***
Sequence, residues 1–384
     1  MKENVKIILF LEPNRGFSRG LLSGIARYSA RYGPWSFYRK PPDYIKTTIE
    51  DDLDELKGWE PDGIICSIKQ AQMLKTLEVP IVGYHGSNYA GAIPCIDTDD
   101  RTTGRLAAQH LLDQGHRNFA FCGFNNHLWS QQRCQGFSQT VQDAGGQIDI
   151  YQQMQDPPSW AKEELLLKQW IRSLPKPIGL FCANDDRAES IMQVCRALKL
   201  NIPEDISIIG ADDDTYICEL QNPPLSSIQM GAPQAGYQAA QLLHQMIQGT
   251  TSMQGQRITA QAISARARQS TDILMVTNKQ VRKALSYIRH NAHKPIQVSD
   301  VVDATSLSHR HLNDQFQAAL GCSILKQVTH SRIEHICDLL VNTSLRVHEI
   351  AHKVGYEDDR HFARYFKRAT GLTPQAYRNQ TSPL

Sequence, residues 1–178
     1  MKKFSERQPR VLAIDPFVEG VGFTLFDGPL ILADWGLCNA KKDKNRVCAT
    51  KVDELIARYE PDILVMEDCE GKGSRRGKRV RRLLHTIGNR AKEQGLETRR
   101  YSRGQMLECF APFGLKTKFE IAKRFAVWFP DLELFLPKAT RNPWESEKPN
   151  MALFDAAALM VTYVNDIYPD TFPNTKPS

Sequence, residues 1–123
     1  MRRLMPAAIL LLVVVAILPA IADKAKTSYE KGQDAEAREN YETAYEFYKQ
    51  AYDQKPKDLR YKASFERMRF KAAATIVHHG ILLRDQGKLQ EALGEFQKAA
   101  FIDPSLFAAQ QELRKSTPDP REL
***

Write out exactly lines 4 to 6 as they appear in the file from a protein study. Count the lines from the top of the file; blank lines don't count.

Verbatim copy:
   101  RTTGRLAAQH LLDQGHRNFA FCGFNNHLWS QQRCQGFSQT VQDAGGQIDI
   151  YQQMQDPPSW AKEELLLKQW IRSLPKPIGL FCANDDRAES IMQVCRALKL
   201  NIPEDISIIG ADDDTYICEL QNPPLSSIQM GAPQAGYQAA QLLHQMIQGT